Team takes part in major training exercise with Greater Manchester Fire and Rescue Service

This morning, at the very early hour (No Sunday lie in!) of 07.45hrs fifteen Bolton MRT members assembled at our Ladybridge Hall Base / HQ in Bolton, to depart for a scheduled 08.15hrs briefing at GMFRS Broughton Fire Station, in Salford, in regards to taking part in a major GMFRS exercise.

Bolton MRT long serving and very experienced team member Chris Greenhalgh, is an operational GMFRS Fire Fighter based at Broughton Fire Station, and he had originally been approached to see if the team could provide some ‘exercise casualties’ for this GMFRS exercise.





The specific requirements called for some of the Bolton MRT volunteer casualties to be in or on the banks of the River Irwell, so our specialist water trained and equipped personnel were required.

We deployed to the exercise in all four of our Land Rover Mountain Rescue Ambulances and our 3.5 metre semi rigid inflatable SAR boat.

Tea and toast and ‘milling around’ so typical of exercises (Mountain Rescuers are experts at ‘milling around’) followed our arrival at Broughton Fire Station as multiple GMFRS assets and resources started arriving for the briefing.





A number of scenarios were played out, involving rescuing ‘casualties’ from within the River Irwell and on the steep slopes of its bankings in the area of the exercise.

The exercise itself took place on the section of the River Irwell, from the Race Course Hotel in Lower Kersal, downriver to the very steep sided and densely wooded area known as ‘The Cliff,’ overlooking the former Manchester Race Course site on the large meander of the River Irwell.





The Bolton MRT supplied all the ‘exercise casualties’ for today, including water dry suit equipped Andy Kench (When not in the team, he is an RSPCA Inspector and a very experienced member of their National Flood Response Team) and Nick Berry, who played the part of ‘wet casualties,’ ie they had to be in the water.





‘Dry casualties,’ were played by Bolton MRT members Dave Cook and Alan James, who had to be rescued from the steep bankings of the River Irwell following a search element of the exercise.

Putting these members in place, and acting as a ‘Safety crew’ for them, was our Deputy Team Leader Geoff Seddon (A Kayaker / Canoeist / experienced boat cox) and Ged Clarke, who both operated our 3.5m semi rigid inflatable SAR Boat. (Team member Chris Tennant assisted with the boat launching and bankside communications)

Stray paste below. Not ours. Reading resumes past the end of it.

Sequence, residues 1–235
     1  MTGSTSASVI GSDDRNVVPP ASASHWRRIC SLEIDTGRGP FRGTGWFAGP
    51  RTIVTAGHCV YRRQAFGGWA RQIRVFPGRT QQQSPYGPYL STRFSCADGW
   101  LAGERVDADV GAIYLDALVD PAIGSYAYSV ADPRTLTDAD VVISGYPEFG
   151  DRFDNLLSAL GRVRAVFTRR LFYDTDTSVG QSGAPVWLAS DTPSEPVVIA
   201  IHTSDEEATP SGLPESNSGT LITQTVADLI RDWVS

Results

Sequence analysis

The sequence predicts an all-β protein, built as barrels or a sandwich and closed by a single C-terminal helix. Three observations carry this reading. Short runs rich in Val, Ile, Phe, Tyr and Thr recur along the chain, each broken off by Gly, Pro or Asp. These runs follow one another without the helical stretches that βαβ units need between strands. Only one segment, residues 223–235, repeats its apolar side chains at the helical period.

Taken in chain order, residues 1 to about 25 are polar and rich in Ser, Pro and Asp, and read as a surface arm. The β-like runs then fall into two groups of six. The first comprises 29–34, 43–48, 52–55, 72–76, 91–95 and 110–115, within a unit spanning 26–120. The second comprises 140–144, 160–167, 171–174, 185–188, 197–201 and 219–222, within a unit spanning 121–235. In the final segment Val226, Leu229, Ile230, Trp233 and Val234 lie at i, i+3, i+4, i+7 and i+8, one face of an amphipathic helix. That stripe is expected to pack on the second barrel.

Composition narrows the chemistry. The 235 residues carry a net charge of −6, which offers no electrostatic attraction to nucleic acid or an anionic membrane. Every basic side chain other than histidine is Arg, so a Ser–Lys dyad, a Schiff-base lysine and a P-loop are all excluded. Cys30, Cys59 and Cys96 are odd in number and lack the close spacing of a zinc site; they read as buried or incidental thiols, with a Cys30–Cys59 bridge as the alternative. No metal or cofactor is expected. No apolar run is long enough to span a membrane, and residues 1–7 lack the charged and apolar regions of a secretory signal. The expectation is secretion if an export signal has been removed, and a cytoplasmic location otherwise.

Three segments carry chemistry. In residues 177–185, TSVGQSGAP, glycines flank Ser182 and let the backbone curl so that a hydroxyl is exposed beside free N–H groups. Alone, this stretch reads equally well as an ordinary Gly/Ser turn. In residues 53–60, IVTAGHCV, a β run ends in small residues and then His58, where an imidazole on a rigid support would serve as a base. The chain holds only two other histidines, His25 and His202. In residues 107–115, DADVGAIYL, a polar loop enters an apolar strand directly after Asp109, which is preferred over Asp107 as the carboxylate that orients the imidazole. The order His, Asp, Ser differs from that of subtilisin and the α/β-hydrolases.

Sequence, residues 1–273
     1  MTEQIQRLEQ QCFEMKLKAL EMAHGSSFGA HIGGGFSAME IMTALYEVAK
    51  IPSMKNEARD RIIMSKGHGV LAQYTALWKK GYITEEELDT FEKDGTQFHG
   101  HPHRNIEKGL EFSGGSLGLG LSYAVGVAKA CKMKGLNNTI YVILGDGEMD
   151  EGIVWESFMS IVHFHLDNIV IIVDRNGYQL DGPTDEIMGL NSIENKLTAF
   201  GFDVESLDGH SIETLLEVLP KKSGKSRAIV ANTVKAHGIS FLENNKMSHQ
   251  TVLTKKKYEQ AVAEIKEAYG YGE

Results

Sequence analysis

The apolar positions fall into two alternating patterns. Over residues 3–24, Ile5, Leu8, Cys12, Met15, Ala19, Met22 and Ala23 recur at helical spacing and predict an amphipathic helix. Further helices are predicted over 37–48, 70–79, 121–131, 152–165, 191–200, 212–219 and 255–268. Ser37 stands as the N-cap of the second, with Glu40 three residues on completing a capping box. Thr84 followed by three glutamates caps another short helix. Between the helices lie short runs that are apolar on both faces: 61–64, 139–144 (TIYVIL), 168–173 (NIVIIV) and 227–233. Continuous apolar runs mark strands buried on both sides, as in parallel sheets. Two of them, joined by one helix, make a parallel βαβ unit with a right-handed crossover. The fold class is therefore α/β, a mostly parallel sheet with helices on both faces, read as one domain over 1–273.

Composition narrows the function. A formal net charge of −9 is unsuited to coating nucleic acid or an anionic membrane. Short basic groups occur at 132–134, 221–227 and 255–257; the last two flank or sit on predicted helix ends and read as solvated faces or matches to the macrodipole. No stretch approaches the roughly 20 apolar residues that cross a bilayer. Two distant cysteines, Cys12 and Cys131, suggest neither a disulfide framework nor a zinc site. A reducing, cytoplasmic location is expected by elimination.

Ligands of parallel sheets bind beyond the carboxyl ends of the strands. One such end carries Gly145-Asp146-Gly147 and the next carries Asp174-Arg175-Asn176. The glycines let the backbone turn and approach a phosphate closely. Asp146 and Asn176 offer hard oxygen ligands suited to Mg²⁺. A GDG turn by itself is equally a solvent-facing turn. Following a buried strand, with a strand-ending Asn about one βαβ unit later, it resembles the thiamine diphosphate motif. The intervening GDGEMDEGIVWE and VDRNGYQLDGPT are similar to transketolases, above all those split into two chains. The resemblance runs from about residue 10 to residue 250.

All search operations and rescue / recoveries were conducted by GMFRS personnel, which include team friend and GMFRS USAR Dog Handler Mike Dewar.
Providing overhead support and reconnaissance was the North West Air Operations Group (Police) helicopter, from the GMP Air Support Unit, which remained on scene for a large part of the mornings exercise.





Held in reserve at GMFRS Broughton Fire station, were Bolton MRT team members, Team Leader Garry Rhodes MBE, Ken Oakes, Neil Aspinall, Samantha McKay, Craig Lamb, Martin Banks, Tony Dawson, and Steve O’Hara.

Their involvement in the exercise was curtailed when they had to deploy at 11.20hrs to Incident 72-2012, for a missing person search in Boggart Hole Clough, Blackley.





Our exercise casualty group remained behind, as they were obviously an intrinsic element of the GMFRS exercise, and at the exercise conclusion, all deployed directly to the search incident at Boggart Hole Clough.

The team welcomes joint training opportunities of this nature, and is willing to attend when team circumstances and other commitments allow.

The team would like to thank GMFRS Broughton Fire Station, Station Commander Mark Turner for his role in organising this exercise and for his kind invitation to attend this exercise, alongside his enthusiasm for multi agency working with the Bolton MRT.





It may interest our readers to know we have operated in this same exercise area of the River Irwell and its banksides and associated meadows, on a number of missing person searches, body recovery operations and rescues over the years.